Both the Southern District and the Northern District are equally familiar with the underlying law in § 1983 cases brought by prisoners, so this factor does not cut either way with respect to transfer. As for the desirability of resolving controversies in their respective locales and the relationship of each community to the controversy, the Court finds that the central events alleged to have taken place in this matter happened in the Southern District at Menard. While Luera has alleged improper conduct at the NRC and Stateville as well, that conduct is peripheral to the main allegations of what happened at Menard: Luera's known enemies persuading his cellmate to attack him, the officers' failure to protect him at Menard, and the failure adequately to treat him immediately after the attack. Thus, this factor weighs in favor of transfer.

This case bears substantial similarity to another Northern District case, Marshall v. Wexford Health Sources, Inc., in which the plaintiff alleged that he was initially housed at Stateville and made complaints there about a toothache and infection, and then was subsequently transferred to Pickneyville Correctional Center, where he continued to complain about these problems and then fell into a coma. 2014 WL 2536246, at * 1. The plaintiff was transferred to the Memorial Hospital of Carbondale for immediate treatment and then transferred to Kindred Hospital in Chicago for additional treatment. Id. He filed a case in the Northern District, where he then resided, and the defendants sought to transfer the case to the Southern District, alleging that the majority of the events took place there. The court noted that, "[w]hile the Northern District has an interest in litigating disputes that involve alleged misconduct at correctional facilities within its jurisdiction, the central events that gave rise to Marshall's claim arose in the Southern District, " and ultimately found that the convenience of non-party witnesses and the interest of justice supported a transfer even though the plaintiff resided in the Northern District. Id. at *5-6. The Court finds the reasoning of that decision persuasive here, as Luera must procure evidence from the Southern District to support his claims in the Northern District, which are peripheral to the attack that took place at Menard.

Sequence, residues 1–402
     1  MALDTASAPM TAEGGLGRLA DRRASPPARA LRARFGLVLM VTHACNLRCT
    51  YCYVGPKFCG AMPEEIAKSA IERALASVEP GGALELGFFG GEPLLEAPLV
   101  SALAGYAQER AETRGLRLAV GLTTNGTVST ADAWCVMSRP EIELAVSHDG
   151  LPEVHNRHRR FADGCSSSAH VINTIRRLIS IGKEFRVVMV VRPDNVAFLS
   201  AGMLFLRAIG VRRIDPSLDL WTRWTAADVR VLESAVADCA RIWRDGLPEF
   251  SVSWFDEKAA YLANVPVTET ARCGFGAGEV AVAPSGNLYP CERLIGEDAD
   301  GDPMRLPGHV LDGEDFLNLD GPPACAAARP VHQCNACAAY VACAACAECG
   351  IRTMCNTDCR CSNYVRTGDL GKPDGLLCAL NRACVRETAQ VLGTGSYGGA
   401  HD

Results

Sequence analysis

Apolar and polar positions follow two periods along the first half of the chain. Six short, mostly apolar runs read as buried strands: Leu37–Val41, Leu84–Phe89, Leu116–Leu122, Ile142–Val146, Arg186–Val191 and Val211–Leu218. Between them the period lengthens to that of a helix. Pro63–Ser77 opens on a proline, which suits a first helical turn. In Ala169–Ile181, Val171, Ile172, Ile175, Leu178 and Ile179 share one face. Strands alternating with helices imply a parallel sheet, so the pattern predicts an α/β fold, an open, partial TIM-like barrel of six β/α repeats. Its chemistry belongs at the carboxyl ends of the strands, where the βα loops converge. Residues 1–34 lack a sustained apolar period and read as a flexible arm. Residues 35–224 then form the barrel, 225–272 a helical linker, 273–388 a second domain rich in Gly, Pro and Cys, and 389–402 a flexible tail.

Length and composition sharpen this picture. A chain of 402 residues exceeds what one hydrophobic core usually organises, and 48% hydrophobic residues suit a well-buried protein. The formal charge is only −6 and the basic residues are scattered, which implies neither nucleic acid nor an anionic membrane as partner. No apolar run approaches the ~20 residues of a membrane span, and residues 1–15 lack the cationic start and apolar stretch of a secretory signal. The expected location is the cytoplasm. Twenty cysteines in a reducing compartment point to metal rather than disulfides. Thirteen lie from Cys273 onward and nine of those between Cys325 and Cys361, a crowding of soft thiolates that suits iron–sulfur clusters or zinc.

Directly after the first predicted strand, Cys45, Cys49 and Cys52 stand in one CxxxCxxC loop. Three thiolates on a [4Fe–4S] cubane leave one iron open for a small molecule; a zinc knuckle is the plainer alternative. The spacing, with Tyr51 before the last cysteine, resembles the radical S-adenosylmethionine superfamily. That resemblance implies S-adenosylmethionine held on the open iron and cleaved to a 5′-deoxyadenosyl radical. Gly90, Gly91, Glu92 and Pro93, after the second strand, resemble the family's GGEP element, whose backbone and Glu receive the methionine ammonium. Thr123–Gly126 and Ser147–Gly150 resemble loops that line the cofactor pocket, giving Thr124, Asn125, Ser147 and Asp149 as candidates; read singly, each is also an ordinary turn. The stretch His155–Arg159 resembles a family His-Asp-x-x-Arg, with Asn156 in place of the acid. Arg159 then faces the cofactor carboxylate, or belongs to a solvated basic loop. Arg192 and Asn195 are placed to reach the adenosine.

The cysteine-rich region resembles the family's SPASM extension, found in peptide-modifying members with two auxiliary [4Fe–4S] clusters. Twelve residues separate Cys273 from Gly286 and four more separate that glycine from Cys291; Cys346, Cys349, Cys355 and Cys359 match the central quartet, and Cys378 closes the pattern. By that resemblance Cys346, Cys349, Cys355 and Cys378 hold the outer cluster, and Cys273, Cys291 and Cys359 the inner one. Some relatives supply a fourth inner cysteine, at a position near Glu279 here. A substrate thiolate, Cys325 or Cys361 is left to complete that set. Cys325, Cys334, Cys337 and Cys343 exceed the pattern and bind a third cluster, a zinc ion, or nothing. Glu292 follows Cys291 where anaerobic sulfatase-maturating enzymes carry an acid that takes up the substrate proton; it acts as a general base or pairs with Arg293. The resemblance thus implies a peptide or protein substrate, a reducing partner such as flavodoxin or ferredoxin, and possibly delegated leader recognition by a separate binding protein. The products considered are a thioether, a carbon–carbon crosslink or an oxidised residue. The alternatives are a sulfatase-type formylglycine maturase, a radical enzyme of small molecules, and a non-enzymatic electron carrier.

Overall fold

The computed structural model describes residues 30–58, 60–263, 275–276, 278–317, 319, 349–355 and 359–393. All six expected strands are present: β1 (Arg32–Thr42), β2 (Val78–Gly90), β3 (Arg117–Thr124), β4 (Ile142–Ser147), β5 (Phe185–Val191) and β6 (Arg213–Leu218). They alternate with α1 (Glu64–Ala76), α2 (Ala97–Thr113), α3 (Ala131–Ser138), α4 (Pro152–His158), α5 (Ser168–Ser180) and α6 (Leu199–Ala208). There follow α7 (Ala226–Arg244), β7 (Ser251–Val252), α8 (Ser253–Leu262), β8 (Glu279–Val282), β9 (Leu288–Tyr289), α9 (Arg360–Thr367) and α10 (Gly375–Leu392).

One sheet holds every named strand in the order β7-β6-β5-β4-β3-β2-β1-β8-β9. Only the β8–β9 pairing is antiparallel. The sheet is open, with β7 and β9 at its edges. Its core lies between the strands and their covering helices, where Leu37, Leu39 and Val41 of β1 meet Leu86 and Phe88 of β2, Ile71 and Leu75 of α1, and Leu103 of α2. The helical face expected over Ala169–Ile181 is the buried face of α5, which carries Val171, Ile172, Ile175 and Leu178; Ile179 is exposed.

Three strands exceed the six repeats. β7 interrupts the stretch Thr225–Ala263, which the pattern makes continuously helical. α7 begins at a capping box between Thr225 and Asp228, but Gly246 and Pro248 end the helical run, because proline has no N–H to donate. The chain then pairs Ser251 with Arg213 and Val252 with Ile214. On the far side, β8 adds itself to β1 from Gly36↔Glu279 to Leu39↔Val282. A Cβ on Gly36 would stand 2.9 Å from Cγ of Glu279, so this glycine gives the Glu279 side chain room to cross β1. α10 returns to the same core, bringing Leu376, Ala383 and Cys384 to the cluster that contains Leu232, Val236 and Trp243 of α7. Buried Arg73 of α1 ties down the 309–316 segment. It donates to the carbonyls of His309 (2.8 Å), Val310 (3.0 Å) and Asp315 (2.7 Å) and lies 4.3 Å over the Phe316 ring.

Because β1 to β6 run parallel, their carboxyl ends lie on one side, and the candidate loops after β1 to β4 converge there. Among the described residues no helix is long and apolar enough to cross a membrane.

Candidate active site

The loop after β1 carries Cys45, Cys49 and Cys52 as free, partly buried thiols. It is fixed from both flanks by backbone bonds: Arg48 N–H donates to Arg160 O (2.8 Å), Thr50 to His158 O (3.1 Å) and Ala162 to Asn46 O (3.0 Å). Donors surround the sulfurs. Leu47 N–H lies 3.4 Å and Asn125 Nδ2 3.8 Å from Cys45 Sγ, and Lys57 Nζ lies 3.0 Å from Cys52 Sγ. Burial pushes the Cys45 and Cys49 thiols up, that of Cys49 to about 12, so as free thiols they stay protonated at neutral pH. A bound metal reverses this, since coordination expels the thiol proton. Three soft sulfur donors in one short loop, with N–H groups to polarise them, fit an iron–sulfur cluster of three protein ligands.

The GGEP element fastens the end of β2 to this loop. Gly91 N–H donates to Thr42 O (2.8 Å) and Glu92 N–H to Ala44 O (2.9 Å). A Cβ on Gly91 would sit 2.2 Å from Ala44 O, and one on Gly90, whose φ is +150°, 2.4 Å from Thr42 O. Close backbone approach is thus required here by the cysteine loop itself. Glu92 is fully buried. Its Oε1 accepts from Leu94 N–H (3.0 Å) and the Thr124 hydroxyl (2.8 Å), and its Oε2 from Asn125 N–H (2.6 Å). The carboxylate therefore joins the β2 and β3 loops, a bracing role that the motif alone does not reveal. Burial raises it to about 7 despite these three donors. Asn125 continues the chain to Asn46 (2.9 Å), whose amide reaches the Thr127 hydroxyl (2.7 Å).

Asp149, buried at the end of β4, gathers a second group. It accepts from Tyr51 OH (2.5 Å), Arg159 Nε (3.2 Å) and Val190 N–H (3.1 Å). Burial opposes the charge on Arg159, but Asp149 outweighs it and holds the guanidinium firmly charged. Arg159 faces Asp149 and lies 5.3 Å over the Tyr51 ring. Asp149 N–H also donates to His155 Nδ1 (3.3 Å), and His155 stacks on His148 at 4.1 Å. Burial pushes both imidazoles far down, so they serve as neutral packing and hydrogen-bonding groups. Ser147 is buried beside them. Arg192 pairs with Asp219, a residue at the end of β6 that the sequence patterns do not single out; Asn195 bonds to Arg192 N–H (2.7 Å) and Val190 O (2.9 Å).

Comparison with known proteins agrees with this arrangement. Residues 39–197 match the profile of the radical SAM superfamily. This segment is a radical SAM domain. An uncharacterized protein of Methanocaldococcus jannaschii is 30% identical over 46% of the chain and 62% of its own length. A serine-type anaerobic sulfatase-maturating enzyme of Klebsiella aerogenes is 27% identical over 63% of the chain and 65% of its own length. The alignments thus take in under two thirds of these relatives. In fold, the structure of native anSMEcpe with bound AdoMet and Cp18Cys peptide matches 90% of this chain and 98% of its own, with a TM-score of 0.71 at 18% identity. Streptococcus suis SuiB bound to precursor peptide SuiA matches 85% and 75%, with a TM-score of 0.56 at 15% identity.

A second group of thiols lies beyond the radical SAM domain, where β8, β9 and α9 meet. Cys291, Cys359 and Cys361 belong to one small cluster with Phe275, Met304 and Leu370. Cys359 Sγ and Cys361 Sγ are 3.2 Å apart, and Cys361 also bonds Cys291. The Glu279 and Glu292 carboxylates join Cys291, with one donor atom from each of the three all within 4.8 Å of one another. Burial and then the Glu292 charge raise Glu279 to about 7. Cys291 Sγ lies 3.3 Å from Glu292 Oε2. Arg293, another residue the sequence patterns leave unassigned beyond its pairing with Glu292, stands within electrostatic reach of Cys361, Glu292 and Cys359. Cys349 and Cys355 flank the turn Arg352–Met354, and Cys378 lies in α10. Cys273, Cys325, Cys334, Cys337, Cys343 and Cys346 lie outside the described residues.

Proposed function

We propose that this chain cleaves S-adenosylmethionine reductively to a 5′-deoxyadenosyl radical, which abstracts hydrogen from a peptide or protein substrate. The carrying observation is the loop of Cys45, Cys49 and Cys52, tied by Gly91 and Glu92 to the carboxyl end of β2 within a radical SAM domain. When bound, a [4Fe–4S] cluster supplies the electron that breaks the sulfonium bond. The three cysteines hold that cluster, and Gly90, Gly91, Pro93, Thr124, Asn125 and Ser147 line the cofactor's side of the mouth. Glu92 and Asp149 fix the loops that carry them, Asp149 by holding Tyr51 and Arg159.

In sum, while a transfer to the Southern District would be less convenient for Luera given that he no longer resides there, the material events of this case took place in the Southern District, the majority of non-voluntary non-party witnesses will likely reside in the Southern District, and the Southern District has an inherent interest in resolving the main controversy. The Court therefore finds that, on balance, the § 1404(a) factors clearly weigh in favor of transfer.

II. Motion to Dismiss

Because the Court finds transfer to the Southern District to be appropriate in this case, the Court declines to rule on the pending motion to dismiss so that the issue may be decided by a court in the appropriate venue. Accordingly, that motion is denied without prejudice.


For the reasons stated above, Defendants' motion to transfer venue is granted. This case shall be transferred to the Southern District of Illinois for all remaining proceedings. The motion to dismiss is denied without prejudice.